OSU Diversity Officer Scolds People Sharing Pic Of Dead Terrorist, People Should “Think Of His Pain”, “Black Lives Matter”
what point does this get absolutely ridiculous? #SayHisName is a hashtag often used by Black Live Matter for alleged ‘victims’ of police brutality.
He’s a terrorist, his excuses don’t justify trying to kill people.
Via Daily Caller:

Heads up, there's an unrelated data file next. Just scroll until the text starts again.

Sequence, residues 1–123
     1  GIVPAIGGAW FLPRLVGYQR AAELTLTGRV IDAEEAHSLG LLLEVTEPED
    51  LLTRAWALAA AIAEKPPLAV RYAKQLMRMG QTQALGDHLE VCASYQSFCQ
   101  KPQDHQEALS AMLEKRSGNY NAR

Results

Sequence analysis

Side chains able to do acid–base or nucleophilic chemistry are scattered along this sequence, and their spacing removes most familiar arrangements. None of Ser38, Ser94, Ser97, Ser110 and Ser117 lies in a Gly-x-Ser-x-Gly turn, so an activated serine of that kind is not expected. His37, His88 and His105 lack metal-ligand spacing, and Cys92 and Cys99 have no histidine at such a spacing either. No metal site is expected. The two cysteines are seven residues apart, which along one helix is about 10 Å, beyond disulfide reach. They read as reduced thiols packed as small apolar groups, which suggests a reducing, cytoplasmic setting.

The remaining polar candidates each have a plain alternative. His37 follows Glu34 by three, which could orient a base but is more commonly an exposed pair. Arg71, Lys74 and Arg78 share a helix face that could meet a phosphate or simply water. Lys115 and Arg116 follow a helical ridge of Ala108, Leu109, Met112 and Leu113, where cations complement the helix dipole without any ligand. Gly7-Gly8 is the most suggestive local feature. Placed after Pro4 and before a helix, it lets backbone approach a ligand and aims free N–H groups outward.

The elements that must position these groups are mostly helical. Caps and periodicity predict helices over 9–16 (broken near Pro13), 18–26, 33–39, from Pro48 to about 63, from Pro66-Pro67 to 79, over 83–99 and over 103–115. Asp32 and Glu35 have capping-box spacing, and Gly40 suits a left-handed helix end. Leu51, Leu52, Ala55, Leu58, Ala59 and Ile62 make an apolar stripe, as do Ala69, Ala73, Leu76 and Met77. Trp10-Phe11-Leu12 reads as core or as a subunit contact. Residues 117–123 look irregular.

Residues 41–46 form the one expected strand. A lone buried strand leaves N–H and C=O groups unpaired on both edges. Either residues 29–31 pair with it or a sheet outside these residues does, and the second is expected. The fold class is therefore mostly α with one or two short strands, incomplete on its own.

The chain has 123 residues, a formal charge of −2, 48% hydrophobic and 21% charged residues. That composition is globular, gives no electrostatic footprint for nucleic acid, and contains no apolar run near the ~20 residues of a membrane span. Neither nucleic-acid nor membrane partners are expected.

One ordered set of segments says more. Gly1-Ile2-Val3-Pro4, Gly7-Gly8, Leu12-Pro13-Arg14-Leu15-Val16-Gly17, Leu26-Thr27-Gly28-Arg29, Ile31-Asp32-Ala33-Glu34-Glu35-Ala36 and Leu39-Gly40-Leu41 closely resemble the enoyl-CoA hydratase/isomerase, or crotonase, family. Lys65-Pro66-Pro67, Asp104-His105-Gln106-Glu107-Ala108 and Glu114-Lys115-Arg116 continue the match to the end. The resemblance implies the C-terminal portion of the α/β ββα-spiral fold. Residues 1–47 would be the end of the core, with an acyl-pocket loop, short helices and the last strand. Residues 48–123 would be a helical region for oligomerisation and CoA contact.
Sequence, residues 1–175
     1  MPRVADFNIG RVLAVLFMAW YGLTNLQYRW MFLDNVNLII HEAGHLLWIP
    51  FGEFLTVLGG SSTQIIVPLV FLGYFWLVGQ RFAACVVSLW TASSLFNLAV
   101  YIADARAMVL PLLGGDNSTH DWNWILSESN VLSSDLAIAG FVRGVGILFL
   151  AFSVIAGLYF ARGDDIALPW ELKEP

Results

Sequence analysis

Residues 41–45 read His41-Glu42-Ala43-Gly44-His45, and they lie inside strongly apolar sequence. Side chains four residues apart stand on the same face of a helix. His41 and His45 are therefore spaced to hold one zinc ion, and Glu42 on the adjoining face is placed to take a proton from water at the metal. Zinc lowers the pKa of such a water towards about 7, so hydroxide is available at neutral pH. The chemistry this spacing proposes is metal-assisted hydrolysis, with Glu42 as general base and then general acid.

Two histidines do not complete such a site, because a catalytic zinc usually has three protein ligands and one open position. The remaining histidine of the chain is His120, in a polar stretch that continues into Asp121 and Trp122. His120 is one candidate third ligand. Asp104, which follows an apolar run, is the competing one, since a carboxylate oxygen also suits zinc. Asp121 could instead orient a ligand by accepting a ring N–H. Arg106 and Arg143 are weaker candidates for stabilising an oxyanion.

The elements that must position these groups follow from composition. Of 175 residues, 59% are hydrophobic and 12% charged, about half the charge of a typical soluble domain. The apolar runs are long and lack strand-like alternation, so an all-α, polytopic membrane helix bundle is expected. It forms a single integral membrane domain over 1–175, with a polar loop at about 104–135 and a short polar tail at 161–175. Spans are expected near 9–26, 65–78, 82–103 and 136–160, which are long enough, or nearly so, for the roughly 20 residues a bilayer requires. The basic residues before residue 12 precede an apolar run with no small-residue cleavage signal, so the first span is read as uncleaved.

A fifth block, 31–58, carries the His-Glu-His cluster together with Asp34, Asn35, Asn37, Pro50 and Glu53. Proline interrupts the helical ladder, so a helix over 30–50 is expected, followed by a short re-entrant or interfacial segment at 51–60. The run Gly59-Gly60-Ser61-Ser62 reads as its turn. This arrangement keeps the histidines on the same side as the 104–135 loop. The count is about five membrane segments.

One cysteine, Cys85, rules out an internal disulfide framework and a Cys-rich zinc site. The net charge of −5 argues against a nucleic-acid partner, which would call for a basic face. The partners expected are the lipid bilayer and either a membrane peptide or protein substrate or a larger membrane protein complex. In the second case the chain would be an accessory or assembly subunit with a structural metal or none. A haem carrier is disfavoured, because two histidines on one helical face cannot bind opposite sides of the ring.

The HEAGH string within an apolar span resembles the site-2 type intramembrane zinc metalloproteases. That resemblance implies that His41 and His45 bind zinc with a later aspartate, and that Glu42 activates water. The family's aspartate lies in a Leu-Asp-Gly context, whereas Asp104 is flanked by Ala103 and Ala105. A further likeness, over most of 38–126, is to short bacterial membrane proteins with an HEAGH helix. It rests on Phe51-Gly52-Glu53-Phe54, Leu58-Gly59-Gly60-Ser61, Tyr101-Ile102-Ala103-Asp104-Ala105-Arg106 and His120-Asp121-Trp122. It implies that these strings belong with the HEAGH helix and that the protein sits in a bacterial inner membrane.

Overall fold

Ohio State University Assistant Director of Residence Life Stephanie Clemons Thompson may have urged sympathy for suspected Monday attacker Abdul Razak Ali Artan in a Facebook post.The Daily Caller News Foundation was not able to independently verify the authenticity of the post, and Clemons was unavailable for comment at press time.Clemons apparently repeated urging for her friends not to share the Facebook post, suggesting she was aware of the controversial nature of her language.Artan emigrated to the U.S. in 2014, NBCNews reports. Artan was a refugee whose family left Somalia in 2007, spent seven years in Pakistan, and became legal permanent residents of the U.S. in 2014.Before the attack, Artan reportedly posted on Facebook, “I can’t take it anymore. America! Stop interfering with other countries, especially the Muslim Ummah. We are not weak. We are not weak, remember that,” according to ABCNews. “We will not let you sleep unless you give peace to the Muslims,” he declared.Free speech is a cornerstone of our republic. The notion that free speech makes people “unsafe” is simply bizarre.Via College Fix:A sweeping free speech resolution has been rejected by Tufts University’s student government, whose members called the effort to broaden and clarify students’ First Amendment rights “unsafe.”Tufts has a “red light” speech-code rating from FIRE, which means it maintains at least one policy that both clearly and substantially restricts freedom of speech.Student Jake Goldberg’s free speech resolution called for an end to campus anti-free speech rules at Tufts, including vague administrative provisos that crack down on the “use of nicknames,” “hurtful words,” “bias-fueled jokes,” “comments on an individual’s body or appearance,” “innuendos of a sexual nature,” “gender bias,” and dozens more similar examples cited in the measure.But the Tufts Student Senate recently voted 26 to zero with two abstentions to reject the proposal, with some senators saying free speech actually endangers students, and that free speech protections make administrators’ jobs impossible.“I believe everyone’s right to access their education on this campus is more important than abolishing the protective restrictions we have on free speech,” one student senator declared after the vote.Prior to the vote, Goldberg tried to sway his peers to support unabridged free speech on campus.“We just want to make sure these [vague administrative] policies are cleaned up, better defined, and use language that’s easy to understand,” he said.Goldberg added that, without the measure passing, administrators can unfairly punish students for exercising their First Amendment rights.But nearly every single senator voiced opposition to the measure, according to a video of the senate meeting posted on the student government’s Facebook page.Senate President Gauri Seth chided Goldberg for his resolution, saying that “I think clarity in itself is subjective so I don’t really know what we’re voting on, which is why I oppose this resolution. … I just don’t think [the resolution] protects students in the way that it should. I think that actually really harms students.”Nesi Altaras, another student senator, said that “50 percent of students on this campus are not from America, and there are other countries with free speech issues, and some countries handle them better than America. I think saying First Amendment rights, best kind of rights, is not okay.”